by C. Otto Scharmer
That day in school, about halfway through the day, the principal called me out of my class and told me to go home. I asked why? She didn’t tell me why, but I noticed her eyes were slightly red, as if she had been crying.
I walked as quickly as I could to the train station, and from there I called home, but no one answered – the line was dead. I had no idea what might have happened, but by then I knew that it probably wasn’t good. I boarded the train, and after the usual 45-minutes ride, I took a cab rather than wait for the bus to take me the last few miles home. It was the first time I’d ever taken a cab.
Long before I arrived, I saw it. Huge grey-black clouds of smoke were rising into the air. The long chestnut-lined driveway that led to the farm was choked with hundreds of neighbors, fire-fighters, policemen and gawkers. I jumped from the cab and ran the last half mile.
When I reached the courtyard, I couldn’t believe my eyes. The huge 350-year-old farmhouse, where my family had lived for the past 200 years and where I’d lived all my life, was gone. As I stood there, I saw that there was nothing – absolutely nothing – left but the smoldering ruins. As the reality of what was before my eyes sank in, I felt as if somebody had removed the ground from under my feet. The place of my birth, childhood, and youth was gone. Everything that I had was gone.
As my gaze sank deeper into the flames, the flames also seemed to sink into me. I felt time slowing down. Only in that moment did I realize how attached I had been to all the things destroyed by the fire. Everything I was and had been intimately connected to had dissolved into nothing. But no – I realized not everything was gone; there was still a tiny little element of myself that was gone with the fire. I was still there watching – I, the seer, I suddenly realized that there was another whole dimension of my self that I hadn’t been aware of, a dimension that didn’t relate to my past, to the world that had just dissolved.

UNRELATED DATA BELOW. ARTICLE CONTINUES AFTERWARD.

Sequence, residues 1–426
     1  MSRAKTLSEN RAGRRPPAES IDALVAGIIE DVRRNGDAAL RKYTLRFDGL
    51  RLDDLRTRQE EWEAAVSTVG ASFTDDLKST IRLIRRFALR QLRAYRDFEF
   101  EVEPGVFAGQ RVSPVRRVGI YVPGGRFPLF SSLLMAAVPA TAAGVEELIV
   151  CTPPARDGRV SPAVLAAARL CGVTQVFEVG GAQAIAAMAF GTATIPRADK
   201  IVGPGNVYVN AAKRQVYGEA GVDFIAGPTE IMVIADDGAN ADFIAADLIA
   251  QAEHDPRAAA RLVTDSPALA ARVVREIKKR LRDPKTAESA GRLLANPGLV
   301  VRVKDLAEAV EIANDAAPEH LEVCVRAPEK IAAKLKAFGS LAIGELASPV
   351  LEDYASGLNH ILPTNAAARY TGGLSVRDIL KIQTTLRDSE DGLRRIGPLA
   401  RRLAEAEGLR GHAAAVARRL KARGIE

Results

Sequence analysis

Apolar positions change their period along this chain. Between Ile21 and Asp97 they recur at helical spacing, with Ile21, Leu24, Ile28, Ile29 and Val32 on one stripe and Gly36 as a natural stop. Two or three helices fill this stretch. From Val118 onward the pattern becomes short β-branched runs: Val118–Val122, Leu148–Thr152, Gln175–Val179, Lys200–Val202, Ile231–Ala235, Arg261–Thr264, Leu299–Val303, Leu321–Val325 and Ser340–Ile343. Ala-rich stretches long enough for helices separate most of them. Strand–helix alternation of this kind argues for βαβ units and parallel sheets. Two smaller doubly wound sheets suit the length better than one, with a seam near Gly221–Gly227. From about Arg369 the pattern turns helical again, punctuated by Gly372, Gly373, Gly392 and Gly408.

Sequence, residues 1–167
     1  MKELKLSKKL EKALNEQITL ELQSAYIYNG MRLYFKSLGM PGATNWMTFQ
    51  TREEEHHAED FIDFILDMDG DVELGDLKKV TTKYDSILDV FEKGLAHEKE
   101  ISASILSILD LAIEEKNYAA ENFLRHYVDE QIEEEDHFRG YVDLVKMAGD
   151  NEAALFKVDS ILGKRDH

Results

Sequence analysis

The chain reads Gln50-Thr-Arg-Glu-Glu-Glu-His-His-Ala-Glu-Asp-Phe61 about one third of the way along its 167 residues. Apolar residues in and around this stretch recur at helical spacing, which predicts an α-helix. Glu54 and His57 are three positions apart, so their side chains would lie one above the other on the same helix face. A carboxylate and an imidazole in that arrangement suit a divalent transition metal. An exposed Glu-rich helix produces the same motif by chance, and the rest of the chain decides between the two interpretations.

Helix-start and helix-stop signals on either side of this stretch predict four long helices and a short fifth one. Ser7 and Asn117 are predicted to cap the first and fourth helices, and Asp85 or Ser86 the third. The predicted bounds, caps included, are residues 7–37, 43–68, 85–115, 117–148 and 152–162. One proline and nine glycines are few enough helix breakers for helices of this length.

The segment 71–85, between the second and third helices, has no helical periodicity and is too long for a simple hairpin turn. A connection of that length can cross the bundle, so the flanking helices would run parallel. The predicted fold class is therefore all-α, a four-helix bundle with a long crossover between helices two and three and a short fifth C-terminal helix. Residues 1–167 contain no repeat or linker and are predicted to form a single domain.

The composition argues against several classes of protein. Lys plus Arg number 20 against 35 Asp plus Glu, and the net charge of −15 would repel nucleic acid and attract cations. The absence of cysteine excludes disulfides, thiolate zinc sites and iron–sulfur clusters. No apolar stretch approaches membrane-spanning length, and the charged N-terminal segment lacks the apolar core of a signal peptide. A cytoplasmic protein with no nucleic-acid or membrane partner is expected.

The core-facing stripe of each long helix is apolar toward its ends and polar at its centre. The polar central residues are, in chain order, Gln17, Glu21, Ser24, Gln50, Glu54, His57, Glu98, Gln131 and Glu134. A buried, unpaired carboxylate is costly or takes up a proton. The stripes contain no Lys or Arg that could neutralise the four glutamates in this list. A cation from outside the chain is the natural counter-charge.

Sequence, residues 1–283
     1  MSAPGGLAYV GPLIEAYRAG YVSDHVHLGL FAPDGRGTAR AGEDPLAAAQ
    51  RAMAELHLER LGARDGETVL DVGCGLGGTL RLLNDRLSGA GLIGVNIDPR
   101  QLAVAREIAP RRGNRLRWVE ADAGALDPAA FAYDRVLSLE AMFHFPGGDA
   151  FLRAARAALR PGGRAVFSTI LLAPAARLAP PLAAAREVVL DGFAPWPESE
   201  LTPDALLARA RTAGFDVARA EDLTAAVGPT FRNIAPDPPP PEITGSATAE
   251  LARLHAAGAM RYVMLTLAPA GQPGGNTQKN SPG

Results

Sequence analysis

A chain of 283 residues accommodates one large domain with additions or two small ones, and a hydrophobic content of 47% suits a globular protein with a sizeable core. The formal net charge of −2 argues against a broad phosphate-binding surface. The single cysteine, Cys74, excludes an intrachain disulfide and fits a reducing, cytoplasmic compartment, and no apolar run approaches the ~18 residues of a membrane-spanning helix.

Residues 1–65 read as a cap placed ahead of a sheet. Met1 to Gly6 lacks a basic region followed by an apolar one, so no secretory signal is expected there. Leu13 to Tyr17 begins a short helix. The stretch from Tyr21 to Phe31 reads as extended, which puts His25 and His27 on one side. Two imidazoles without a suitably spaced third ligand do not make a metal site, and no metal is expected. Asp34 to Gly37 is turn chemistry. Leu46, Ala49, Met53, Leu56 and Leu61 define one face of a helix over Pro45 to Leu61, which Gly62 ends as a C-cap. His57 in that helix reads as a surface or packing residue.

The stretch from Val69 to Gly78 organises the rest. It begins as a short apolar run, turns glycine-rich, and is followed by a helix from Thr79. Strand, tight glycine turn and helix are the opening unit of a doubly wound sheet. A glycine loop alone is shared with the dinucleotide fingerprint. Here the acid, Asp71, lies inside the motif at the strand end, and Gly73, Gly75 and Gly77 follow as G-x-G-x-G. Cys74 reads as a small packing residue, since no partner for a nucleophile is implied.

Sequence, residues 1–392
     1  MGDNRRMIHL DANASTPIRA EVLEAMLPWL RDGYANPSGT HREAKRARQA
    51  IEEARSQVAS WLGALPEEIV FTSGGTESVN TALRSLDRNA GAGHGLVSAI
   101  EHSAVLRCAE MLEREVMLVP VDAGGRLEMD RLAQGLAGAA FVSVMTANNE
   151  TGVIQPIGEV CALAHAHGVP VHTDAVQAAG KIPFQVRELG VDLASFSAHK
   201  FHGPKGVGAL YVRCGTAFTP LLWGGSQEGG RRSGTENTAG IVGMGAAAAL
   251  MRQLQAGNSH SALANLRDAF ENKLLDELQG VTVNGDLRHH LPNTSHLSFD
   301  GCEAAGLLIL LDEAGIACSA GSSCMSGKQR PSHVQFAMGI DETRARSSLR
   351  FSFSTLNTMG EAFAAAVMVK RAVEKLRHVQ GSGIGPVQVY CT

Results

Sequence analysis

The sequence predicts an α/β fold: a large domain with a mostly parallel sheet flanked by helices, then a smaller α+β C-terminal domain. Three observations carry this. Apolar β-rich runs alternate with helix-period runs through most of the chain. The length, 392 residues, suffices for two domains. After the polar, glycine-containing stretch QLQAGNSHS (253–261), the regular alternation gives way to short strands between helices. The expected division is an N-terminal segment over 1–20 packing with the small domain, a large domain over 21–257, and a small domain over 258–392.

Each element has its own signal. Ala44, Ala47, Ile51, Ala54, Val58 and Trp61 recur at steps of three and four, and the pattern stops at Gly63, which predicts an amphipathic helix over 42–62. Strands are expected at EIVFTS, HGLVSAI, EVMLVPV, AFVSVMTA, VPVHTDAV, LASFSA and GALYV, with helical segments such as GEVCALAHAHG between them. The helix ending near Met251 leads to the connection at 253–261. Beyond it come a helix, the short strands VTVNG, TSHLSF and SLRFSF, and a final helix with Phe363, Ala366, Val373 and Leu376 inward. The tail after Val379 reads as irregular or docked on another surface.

At that moment, time slowed to complete stillness and I felt drawn in a direction above my physical body and began watching the whole scene from that other place. I felt my mind expanding to a moment of unparalleled clarity of awareness.
I realized that I was not the person I thought I was. My real self was not attached to the tones of stuff now smoldering inside the ruins. I suddenly knew that I, my true self, was still alive, more awake, more acutely present than ever before.
I now realized how much all the material things that I’d become attached to over the years, without ever noticing it, had weighted me down. At that moment, with everything gone, I suddenly felt released and free to encounter that other part of my self, the part that drew me into the future – into my future – and into a world that I might bring into reality with my life.
The next day my grandfather arrived. He was 87- years old and had lived on the farm all his life. He had left the house a week before to go to the hospital for medical treatments.
Summoning all the energy he had left, my grandfather got out of the car and walked straight to where my father was still working on the cleanup. He didn’t even turn his head towards the smoking ruins of the place where he’d spent his entire life. He simply went straight up to my father, took his hand, and said, “Keep your head up, my boy. Look forward.” (“Kopf boch, mein Junge. Blick nach vorn.”)
Turning around, he walked directly back to the waiting car and left. A few days later, he died quietly.
Even after all these years, this moves me still - that little scene of my grandfather walking by, ignoring the ruins of his home, and focusing all his remaining life energy on shifting my father’s attention from reacting to the past to opening up to what might emerge from the future.
It also evoked a question in me that still remains: “What does it take to connect to that other stream of time, the one that gently pulls me toward my future possibility?
It was a question that eventually prompted me to leave Germany to do my postdoctoral research at MIT several year ago.
And that question that draws me still, right to this very moment.
Presence: Exploring Profound Change in People, Organization and Society
Author: Peter Senge, C. Otto Scharmer, Joseph Jaworski, Betty Sue Flowers
Nicholas Brealey Publishing, 2005